Presently, Pedro appeared in the doorway of his home. He carried a golden goblet, probably filched from some sanctuario religioso, and having drained its contents, he tossed it over his shoulder to some one waiting within. He struck a deep-toned silver bell, hanging on the verandah, and magically the scene changed.

Men appeared with torches which they set in posts designed for that purpose. Women came into the court and disposed themselves on the ground like spectators, that they were naked to the waist, and that beneath their load of jewelry, each woman bore on her left breast the brand of the poised serpent.

Some were young; some were younger. Some were still beautiful; all had been. Upon a few faces there was a look of furtive pity—but, for the most part, they stared in front of them expressionless.

Then it seemed as though Trevor lying behind a screen of shrubs and vines, must have been discovered, for Valcarez strode directly toward the spot. He halted, however, some twenty paces distant, applied a match to a pile of faggots, and thrust into the leaping flames an object which he drew from his crimson sash. It looked something like a large toasting fork. But Trevor knew that it was not a toasting fork.

"Ricardo,” called The Serpent, “I am ready!"

Ricardo and the man Felipe led Nancy out of the large, pretentious house. Her face was dead white, but her eyes gleamed with an unquenchable fire. Erect she moved, her head held high, like a queen going to her coronation. No cringing, no hint of fear should add to Pedro’s triumph.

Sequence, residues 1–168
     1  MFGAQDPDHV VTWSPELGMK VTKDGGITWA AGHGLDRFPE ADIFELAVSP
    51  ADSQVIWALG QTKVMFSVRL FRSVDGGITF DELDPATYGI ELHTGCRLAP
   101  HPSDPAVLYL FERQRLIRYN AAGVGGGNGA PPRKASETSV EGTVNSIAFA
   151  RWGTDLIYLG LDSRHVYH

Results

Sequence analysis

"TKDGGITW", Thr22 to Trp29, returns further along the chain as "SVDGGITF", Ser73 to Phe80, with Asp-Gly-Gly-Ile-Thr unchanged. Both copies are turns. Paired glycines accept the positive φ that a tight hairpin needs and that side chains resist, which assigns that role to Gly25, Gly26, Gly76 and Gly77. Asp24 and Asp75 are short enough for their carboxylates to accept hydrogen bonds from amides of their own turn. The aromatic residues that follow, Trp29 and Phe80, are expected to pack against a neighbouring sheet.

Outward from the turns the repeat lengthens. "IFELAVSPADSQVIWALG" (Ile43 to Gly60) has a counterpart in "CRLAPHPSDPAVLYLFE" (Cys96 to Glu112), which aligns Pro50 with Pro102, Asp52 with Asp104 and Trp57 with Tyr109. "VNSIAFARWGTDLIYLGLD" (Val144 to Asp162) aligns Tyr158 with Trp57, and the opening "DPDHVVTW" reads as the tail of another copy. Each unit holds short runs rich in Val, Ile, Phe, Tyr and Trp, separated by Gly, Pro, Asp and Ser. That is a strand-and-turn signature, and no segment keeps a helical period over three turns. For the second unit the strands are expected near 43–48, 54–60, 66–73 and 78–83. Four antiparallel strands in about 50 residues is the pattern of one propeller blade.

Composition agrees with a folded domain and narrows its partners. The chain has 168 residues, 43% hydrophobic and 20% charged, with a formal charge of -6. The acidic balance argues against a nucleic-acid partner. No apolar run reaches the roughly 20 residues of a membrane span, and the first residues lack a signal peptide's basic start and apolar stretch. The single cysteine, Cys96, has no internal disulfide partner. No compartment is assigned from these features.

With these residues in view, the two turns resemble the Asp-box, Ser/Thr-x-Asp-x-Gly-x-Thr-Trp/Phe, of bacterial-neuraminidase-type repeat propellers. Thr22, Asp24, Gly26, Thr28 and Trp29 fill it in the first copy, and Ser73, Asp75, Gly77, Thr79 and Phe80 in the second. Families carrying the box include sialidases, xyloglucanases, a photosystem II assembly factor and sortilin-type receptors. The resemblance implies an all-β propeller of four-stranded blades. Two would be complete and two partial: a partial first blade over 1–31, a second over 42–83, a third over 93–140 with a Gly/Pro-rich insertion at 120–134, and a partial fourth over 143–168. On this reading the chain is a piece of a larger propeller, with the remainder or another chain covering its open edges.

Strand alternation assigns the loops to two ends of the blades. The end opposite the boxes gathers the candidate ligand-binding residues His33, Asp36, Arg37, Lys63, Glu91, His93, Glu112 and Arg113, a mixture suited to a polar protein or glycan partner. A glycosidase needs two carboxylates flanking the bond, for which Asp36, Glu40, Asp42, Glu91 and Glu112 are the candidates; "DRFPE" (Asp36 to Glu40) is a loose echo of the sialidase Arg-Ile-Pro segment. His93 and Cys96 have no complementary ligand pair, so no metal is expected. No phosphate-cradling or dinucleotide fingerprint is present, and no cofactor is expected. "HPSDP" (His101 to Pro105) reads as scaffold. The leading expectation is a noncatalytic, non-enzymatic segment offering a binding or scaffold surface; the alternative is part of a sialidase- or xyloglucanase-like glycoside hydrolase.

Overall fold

Trevor saw that she was bound—her hands behind her and a loose thong about her ankles. These fetters were removed however, before the men lashed her tight against a tree just in front of him. He could not see her face. Her back was towards him.

Until that moment he had formulated no plan for their escape. Now he began to think quickly. Wriggling noiselessly about, he collected all the stones and sticks within reach, and this done, he crawled so close to the tree that by stretching out his hand he could have touched the girl.

Cautiously, he opened his little knife, and even more carefully did he prepare his revolver for use. Then he lay still and waited.

The stench of red-hot metal drifted to him. The flames had died down leaving only a bed of glowing embers, by the light of which he could see Valearez’s wine-flushed face and the smouldering eyes he turned upon Nancy.

“My Opal Princess,” he said in tones which but for a ring of cruelty would have been caressing, “my fiercely unwilling bride! Have not food and wine mellowed you harsh mood? Will you not speak? No? Perhaps when my hot kiss has touched you“—he passed the branding iron slowly before her—“perhaps then, thou wilt open thy red lips, mi encento!”